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UT is among the top five public universities offering custom executive education in the United States, according to the latest rankings from the Financial Times.

The executive education programs offered through UT’s Haslam College of Business were ranked thirteenth overall nationally and forty-fifth worldwide by the UK-based publication, which features international business, finance, economic, and political news.

The rankings highlight the college’s commitment to custom solutions for the global business community. In 2015, the college delivered sixty-two custom courses, ten of which took place outside the United States.

Bruce Behn, associate dean for graduate and executive education in UT’s Haslam College of Business.

“Our commitment to helping the global business community meet its needs through tailored solutions that bring considerable return on investment is a point of pride for us,” said Bruce Behn, associate dean for graduate and executive education in the college. “We also ranked eighth internationally for follow-up with customers and twenty-second for facilities.”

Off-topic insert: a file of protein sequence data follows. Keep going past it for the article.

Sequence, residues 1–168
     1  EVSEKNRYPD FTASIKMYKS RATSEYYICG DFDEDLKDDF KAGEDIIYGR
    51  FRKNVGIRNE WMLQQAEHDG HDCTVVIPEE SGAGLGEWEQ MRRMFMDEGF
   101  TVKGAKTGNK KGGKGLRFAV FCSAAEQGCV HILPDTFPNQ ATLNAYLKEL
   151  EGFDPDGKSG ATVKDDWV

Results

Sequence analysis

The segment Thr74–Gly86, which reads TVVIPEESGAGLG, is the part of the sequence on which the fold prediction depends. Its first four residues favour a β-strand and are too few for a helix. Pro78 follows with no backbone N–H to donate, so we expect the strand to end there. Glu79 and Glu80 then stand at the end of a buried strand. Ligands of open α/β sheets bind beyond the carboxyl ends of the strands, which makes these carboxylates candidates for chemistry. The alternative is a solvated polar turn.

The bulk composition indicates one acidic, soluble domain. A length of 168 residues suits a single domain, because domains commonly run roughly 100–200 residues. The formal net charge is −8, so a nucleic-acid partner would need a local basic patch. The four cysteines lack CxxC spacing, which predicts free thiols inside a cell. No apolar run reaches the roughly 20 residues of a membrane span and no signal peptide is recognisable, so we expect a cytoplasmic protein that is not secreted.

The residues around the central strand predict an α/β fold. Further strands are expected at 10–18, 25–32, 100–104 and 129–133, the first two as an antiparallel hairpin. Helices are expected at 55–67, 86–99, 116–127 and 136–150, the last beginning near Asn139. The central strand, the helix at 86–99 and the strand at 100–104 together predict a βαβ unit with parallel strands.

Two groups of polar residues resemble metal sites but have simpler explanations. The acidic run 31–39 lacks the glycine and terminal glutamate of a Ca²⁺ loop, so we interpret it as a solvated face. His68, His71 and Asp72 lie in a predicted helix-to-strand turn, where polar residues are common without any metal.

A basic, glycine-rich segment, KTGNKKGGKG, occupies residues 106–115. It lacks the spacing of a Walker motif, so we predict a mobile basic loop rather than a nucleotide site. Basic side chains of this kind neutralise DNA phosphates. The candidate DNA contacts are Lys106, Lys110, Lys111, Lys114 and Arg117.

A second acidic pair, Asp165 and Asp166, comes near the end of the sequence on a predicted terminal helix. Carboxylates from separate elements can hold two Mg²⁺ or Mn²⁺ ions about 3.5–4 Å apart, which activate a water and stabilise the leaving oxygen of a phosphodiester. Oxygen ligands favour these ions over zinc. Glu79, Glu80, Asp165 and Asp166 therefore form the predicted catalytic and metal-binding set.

UT’s custom executive education programs combine faculty knowledge with real-life challenges and needs that businesses, including health care, military and government organizations, are facing today.

Behn says the college is able to work with clients to build the talent of their employees in specific areas such as operations excellence, supply chain, and leadership so their organizations are better equipped to succeed.

Steve Mangum, dean of the college and Stokely Foundation Leadership Chair, emphasized that positive input from corporate clients played a significant role in the achievement of these rankings.

“This particular ranking demonstrates that UT’s Haslam College of Business is highly regarded by its nondegree executive education clientele,” Mangum said. “When coupled with feedback and rankings of our degree program offerings and our scholarly research, it’s apparent that our business school isn’t resting on its laurels but continuously seeking to improve.”

The Financial Times survey combines data reported by business schools with ratings from companies that commissioned executive courses. Factors including value, faculty quality, international engagement, and diversity were taken into account.


Gerhard Schneibel (865-974-2894,

Tyra Haag (865-974-5460,